I believe that parliamentary authorisation is workable and can be formulated in a suitably flexible way that takes a variety of contingencies into account, protects the security of classified information, and copes with the time-sensitive nature of emergency military deployments. In requiring Parliamentary approval, it is necessary to distinguish between ‘wars of choice’ and ‘wars of necessity’. Wars of necessity refer to military actions taken in self-defence and require the use of rapid and/or covert military force.

At the moment, the danger is one of a surprise war, as a result of an escalation during (say) a freedom of navigation exercise, in which Australia’s Executive deploys forces without any effective check from the legislature, since the only option parliament has is to bring down the government through a motion of no-confidence—something that backbenchers in a governing political party can hardly be expected to do, whatever their misgivings about a particular military deployment.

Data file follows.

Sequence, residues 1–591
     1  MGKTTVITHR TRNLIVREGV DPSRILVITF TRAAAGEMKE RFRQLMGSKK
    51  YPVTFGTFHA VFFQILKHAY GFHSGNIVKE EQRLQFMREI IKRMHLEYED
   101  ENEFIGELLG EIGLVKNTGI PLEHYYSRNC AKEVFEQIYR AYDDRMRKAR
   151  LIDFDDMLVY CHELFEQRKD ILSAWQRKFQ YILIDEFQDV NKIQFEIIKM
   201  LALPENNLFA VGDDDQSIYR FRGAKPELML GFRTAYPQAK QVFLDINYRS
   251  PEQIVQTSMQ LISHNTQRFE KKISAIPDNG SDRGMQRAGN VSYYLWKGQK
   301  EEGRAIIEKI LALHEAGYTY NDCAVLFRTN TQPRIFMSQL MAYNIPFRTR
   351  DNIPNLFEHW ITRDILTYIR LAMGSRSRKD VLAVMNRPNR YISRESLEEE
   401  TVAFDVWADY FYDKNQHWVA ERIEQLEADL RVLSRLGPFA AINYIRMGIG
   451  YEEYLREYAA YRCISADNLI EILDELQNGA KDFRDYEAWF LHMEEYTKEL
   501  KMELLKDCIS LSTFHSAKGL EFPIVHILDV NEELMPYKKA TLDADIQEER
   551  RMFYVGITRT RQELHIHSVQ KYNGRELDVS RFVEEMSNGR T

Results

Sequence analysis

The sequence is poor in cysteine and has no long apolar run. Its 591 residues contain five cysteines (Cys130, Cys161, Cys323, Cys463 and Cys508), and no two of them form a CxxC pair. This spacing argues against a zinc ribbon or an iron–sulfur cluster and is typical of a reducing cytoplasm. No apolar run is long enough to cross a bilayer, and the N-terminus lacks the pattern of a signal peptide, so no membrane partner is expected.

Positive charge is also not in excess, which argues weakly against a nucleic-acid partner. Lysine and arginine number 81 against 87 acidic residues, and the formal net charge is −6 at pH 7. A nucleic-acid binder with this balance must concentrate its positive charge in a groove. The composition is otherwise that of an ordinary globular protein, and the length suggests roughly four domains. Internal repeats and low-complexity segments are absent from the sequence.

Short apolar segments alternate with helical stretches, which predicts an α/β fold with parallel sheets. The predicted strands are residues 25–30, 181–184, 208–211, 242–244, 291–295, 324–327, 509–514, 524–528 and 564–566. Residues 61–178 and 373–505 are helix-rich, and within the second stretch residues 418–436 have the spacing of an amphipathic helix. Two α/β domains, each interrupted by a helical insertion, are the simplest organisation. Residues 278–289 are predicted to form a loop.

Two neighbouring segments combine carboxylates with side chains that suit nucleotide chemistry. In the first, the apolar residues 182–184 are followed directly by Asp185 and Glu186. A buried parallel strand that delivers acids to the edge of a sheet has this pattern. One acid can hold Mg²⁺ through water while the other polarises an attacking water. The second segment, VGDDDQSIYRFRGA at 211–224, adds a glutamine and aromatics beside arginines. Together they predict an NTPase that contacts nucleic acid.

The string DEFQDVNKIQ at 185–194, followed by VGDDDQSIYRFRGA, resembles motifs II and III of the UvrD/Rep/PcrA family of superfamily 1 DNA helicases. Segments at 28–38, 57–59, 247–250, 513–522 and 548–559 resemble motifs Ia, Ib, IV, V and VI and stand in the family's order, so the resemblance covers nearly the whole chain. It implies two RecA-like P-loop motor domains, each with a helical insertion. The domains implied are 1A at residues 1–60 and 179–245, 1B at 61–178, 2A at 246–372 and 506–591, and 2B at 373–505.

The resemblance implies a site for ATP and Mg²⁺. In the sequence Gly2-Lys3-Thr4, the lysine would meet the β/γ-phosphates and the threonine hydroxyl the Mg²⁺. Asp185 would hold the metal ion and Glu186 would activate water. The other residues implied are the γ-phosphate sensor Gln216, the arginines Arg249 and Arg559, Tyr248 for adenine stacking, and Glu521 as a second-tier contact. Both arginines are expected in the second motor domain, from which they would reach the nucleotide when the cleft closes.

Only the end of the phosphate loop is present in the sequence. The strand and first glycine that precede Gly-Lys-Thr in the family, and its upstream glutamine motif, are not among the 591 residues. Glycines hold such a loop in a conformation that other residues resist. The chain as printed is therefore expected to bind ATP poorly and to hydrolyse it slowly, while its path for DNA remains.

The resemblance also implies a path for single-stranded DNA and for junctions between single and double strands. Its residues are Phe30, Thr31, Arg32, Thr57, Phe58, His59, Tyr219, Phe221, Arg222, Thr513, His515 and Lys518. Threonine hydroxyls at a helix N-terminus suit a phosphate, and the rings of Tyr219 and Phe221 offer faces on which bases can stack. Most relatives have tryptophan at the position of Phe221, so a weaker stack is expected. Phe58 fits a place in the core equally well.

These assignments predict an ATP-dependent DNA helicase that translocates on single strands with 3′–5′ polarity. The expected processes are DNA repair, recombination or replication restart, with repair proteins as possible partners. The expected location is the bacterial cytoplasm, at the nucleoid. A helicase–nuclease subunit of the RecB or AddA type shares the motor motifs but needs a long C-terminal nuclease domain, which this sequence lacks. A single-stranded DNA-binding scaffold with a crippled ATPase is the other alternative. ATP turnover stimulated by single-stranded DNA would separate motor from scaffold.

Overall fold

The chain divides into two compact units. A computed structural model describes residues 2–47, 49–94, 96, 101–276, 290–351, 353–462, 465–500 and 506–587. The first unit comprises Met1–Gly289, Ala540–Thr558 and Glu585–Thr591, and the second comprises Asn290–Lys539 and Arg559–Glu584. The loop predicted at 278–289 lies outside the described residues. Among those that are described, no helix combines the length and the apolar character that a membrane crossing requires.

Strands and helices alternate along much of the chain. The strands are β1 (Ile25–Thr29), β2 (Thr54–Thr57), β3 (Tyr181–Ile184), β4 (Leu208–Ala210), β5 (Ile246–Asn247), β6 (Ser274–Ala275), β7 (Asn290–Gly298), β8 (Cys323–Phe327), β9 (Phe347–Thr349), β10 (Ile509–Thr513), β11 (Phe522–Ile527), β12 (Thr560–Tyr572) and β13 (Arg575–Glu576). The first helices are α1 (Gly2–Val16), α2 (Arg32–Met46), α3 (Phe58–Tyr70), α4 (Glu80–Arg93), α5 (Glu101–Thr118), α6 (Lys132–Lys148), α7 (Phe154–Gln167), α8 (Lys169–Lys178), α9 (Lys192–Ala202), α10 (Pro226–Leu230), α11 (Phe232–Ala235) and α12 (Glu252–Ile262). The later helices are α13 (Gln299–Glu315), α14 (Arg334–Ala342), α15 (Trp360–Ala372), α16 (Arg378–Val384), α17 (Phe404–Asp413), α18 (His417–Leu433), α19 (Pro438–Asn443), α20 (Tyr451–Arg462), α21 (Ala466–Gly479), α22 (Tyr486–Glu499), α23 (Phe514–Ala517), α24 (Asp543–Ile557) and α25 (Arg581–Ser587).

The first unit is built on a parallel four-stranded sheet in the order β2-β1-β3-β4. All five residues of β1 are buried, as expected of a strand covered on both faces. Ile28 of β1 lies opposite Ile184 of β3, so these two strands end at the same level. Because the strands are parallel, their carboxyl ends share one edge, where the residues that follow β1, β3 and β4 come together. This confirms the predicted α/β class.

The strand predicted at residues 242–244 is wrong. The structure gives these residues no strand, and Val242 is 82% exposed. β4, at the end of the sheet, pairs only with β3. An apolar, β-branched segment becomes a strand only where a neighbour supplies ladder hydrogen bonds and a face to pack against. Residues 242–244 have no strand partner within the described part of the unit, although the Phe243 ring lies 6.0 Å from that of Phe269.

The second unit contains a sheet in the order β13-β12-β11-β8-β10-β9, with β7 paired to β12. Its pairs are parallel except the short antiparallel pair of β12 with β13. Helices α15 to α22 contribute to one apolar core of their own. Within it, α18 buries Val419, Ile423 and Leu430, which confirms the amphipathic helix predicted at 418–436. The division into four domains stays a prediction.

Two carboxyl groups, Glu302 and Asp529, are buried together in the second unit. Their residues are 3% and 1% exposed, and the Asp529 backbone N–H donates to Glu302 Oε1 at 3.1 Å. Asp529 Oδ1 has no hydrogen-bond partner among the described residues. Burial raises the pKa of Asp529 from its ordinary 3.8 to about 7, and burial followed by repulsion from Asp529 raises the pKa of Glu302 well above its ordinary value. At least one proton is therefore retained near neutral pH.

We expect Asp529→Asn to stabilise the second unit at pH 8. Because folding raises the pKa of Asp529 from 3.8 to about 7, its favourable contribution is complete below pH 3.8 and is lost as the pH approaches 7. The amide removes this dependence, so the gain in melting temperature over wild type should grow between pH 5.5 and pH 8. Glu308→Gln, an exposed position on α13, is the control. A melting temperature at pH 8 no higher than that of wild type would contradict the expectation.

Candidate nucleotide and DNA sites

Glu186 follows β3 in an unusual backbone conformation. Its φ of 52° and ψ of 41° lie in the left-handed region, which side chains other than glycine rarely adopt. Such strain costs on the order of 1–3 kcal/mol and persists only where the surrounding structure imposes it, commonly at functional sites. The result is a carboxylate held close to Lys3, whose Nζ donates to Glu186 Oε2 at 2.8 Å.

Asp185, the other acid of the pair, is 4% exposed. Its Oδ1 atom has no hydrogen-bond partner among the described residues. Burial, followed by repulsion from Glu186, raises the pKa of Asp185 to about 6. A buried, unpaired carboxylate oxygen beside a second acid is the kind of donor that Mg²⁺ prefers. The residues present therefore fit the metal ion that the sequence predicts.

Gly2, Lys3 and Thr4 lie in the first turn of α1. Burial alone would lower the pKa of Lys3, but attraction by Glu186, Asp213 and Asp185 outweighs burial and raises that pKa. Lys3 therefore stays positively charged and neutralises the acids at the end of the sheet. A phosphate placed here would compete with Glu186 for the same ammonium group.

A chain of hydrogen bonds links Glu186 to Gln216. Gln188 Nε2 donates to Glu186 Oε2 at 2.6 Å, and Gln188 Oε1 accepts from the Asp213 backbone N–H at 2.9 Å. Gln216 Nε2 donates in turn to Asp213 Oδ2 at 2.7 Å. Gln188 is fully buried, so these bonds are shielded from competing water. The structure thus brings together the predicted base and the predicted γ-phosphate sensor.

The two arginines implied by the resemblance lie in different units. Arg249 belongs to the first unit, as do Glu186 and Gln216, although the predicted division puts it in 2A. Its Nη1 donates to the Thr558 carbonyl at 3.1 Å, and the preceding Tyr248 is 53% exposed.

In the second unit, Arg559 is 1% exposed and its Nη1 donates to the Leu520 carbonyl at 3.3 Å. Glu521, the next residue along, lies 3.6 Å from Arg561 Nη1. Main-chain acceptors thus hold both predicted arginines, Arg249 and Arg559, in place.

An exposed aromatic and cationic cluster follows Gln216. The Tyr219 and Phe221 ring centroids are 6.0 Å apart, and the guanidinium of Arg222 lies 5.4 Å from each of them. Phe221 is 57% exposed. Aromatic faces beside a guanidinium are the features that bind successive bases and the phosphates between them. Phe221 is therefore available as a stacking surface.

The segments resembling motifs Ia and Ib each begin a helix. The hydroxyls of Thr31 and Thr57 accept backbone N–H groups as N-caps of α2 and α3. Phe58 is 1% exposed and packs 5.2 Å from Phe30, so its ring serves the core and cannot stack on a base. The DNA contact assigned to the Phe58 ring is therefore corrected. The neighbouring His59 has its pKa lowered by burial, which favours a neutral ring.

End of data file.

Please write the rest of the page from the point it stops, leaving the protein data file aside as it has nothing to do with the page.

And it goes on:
Furthermore, using the line and military strategy attributed to Sun Tzu, China may decide to ‘kill the chicken to scare the monkey’—sink an Australian vessel to warn off the United States Navy. The signals we send to either side about Australia’s position are of the highest economic and strategic significance. What we do requires extensive consideration in the Australian Parliament.

Whilst this debate has been both energised and exercise by the Trump Presidency, it’s worth remembering it was no less than the husband of Candidate Trump’s rival who said, while he was in office, ‘We will act multilaterally where we can, unilaterally when we must’. Australia alone should decide which wars we go to, and the circumstances in which we go to them. That goes to the heart of our sovereignty. Australia must not get involved in a South China Sea conflict until every member of the Australian Parliament has voted on it, and explained their reasons individually—not hide behind a party line.

What’s more, that process should be enshrined in Australian legislation; no Australian military actions ought to occur without parliamentary authorization, except in self-defence. More than ever, since 1788, it’s a law whose time has come.